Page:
Drone strikes happened in Pakistan and more are expected elsewhere.
Would it help if the United States government would explain its foreign policy with respect for the use of drone technology to strike terrorists? Since the news today is that America killed 13 insurgent terrorists in northwest Pakistan, and since Iraq has requested similar assistance, it makes sense to be as clear as can be about US policy. The White House has been pretty good about explaining such policies, so let’s review what they have published. To make it easier, here is a list of key elements followed by the actual policy, and a reference to today’s news.
List of key elements on the “Use of Force in Counterterrorism Operations Outside the US Areas of Active Hostilities":
1. These standards and policies have been briefed to Congress since day one of the Obama administration and updated accordingly.
2. It is preferred to capture terrorists rather than to kill them.
3. An important test in determining the “use of lethal force” is to know for certain that the terrorists are trying to kill Americans, or American allies with which we have protection agreements.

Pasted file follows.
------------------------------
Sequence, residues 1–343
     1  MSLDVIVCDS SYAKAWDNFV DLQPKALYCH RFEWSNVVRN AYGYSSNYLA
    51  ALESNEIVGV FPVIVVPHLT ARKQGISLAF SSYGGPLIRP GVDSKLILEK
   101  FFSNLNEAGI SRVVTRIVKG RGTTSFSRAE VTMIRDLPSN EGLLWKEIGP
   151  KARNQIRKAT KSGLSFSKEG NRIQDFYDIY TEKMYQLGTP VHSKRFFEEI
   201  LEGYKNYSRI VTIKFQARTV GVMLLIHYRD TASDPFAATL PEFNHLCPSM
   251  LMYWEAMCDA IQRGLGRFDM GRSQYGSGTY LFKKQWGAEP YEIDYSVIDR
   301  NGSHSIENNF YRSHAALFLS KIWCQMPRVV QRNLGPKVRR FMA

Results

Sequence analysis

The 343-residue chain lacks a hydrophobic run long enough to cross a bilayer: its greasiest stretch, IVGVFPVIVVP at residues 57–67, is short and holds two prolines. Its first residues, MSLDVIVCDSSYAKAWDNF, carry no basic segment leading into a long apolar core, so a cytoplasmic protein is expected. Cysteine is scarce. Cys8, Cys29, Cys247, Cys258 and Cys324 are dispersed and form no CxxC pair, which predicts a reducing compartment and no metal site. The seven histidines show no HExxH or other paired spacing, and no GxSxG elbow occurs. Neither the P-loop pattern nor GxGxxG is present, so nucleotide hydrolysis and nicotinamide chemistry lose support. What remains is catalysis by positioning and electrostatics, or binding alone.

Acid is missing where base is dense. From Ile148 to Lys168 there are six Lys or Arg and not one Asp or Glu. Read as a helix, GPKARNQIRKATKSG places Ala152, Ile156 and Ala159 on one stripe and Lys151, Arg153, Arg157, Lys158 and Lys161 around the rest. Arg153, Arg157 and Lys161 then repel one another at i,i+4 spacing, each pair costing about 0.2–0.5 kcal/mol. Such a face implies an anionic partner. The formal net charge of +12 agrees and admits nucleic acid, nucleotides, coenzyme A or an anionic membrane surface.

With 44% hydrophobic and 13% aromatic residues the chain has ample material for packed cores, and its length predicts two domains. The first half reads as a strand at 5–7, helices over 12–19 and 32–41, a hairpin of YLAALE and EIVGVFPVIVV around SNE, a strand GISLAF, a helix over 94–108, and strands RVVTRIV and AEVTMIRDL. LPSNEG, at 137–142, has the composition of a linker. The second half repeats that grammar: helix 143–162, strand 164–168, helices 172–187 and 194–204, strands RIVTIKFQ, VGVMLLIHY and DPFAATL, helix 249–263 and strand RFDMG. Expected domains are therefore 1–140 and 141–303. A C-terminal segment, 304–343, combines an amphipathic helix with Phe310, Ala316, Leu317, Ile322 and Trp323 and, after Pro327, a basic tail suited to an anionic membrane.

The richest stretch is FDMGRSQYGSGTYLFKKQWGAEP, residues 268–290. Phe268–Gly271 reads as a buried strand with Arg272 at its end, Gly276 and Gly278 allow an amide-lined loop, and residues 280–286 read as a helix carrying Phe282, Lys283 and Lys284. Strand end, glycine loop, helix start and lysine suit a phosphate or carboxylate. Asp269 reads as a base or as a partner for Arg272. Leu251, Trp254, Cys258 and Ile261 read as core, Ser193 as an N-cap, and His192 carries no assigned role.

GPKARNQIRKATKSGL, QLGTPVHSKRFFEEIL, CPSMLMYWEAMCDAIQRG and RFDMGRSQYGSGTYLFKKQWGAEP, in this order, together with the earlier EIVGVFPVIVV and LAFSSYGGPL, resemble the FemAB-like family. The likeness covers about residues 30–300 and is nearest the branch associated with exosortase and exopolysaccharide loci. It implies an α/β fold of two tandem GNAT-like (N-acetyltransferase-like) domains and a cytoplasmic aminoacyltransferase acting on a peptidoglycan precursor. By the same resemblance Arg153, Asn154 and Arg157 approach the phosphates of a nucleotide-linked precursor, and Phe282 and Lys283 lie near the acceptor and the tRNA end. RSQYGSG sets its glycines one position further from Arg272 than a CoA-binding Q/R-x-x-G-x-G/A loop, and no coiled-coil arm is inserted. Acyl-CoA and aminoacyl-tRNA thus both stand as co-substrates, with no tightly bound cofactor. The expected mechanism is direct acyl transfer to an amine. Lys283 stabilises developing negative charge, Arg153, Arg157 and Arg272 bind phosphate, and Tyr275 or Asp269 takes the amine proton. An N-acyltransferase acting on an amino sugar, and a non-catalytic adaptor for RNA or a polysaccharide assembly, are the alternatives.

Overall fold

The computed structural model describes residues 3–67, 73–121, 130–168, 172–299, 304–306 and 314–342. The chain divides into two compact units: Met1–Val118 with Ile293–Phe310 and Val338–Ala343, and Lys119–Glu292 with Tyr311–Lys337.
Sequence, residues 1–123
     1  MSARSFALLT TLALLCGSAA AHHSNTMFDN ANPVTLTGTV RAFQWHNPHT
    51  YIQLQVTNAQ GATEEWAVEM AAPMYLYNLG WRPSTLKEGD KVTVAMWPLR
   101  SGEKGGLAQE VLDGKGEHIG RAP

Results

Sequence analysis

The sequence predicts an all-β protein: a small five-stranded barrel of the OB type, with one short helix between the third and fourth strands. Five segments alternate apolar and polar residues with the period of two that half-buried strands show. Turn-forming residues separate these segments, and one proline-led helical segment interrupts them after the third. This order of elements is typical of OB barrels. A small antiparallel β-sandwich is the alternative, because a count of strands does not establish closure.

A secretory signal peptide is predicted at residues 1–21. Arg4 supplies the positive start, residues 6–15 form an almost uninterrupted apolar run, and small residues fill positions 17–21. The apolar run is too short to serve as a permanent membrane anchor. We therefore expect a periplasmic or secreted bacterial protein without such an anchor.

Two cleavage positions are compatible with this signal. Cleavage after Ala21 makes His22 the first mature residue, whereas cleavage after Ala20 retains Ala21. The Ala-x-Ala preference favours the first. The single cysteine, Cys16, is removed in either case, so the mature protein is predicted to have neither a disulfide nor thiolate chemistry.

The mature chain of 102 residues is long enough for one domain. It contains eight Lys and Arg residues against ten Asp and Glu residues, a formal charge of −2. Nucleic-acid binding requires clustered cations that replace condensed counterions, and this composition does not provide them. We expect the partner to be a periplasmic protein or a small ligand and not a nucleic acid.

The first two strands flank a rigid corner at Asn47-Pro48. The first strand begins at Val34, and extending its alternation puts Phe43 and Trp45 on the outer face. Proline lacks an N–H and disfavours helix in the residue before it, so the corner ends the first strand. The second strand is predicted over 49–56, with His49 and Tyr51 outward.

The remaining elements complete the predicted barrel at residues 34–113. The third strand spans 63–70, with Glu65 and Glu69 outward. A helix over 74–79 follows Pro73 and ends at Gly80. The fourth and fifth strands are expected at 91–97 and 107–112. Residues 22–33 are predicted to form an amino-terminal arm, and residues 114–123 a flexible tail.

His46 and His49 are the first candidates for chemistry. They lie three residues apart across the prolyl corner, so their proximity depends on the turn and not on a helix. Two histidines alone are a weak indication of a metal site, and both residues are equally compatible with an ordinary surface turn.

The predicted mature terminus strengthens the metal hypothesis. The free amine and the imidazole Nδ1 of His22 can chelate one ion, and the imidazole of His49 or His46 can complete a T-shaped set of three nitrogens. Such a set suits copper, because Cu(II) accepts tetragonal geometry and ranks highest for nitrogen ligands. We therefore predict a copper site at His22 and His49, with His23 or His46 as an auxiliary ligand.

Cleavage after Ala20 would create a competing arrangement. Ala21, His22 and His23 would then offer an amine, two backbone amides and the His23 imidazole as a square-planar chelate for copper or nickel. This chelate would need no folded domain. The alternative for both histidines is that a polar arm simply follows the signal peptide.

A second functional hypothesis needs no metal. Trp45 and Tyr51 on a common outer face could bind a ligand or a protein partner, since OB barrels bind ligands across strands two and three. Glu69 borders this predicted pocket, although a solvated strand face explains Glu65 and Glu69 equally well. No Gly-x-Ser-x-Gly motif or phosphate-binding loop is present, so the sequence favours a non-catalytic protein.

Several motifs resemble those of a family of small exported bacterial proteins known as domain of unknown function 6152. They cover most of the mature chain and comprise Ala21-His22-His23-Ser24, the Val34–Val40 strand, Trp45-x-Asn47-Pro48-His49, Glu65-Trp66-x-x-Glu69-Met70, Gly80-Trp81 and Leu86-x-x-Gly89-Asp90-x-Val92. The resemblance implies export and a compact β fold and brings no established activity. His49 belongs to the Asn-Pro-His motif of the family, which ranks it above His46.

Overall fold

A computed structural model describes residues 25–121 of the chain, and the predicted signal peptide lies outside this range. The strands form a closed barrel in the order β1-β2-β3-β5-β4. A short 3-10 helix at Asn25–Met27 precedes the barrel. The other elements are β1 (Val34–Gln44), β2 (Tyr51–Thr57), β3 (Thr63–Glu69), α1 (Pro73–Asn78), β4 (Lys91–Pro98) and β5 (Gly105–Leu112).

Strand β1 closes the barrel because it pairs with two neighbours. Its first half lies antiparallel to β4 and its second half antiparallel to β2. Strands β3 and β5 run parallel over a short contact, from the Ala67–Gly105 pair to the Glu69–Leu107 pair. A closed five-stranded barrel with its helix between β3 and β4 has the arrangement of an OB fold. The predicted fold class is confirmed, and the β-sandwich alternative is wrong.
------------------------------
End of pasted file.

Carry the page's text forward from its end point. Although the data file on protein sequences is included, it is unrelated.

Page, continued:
4. Continuing imminent threat to U.S. persons
(See the annotated details below.)
The policy gets tricky in the instance of Pakistan where on one hand they are an allied nation state, but on the other hand their military is often conflicted to the point of being aligned with insurgent Taliban and terrorists. Interpretation is more of an art than a legal science.
“Pakistan: 13 killed as US resumes drone strike campaign
The foreign ministry of Pakistan has condemned the strikes as a violation of the country's sovereignty
The Guardian, Thursday 12 June 2014 14.03 EDT
US drones have fired missiles at militant hideouts in north-western Pakistan, killing 13 suspected insurgents and marking the resumption of the CIA-led programme after a nearly six-month break, officials said on Thursday.
The Pakistani foreign ministry condemned the strikes as a violation of sovereignty. The attacks came days after a five-hour siege of Karachi airport left 36 people, including 10 militants, dead which raised concerns over Pakistan's ability to deal with the Pakistani Taliban, who said they had carried out the assault along with an Uzbek militant group. It was not immediately clear if the drone strikes were connected to the airport attack. Pakistan had asked the US to halt drone strikes while it was trying to negotiate a peace deal with the militants, but even before the airport siege those talks had largely collapsed.